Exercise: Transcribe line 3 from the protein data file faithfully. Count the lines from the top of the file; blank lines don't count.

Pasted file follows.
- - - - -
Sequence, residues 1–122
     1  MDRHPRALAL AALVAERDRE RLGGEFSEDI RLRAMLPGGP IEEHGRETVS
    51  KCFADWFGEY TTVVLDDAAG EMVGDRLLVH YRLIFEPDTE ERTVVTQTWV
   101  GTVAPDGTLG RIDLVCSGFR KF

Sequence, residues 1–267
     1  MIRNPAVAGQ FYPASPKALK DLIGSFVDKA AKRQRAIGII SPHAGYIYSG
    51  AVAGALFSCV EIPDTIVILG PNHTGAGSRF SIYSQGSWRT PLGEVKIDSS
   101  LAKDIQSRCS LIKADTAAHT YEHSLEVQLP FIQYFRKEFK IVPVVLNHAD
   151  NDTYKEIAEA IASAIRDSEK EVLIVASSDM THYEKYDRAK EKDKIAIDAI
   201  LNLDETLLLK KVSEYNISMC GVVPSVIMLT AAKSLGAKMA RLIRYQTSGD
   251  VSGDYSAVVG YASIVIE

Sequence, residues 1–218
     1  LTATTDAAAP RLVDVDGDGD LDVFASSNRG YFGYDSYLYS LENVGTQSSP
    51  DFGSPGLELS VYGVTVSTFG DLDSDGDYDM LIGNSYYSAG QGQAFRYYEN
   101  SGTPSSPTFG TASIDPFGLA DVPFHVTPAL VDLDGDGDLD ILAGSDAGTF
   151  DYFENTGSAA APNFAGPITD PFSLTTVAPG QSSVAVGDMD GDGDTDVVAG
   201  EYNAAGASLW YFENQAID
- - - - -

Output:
    51  KCFADWFGEY TTVVLDDAAG EMVGDRLLVH YRLIFEPDTE ERTVVTQTWV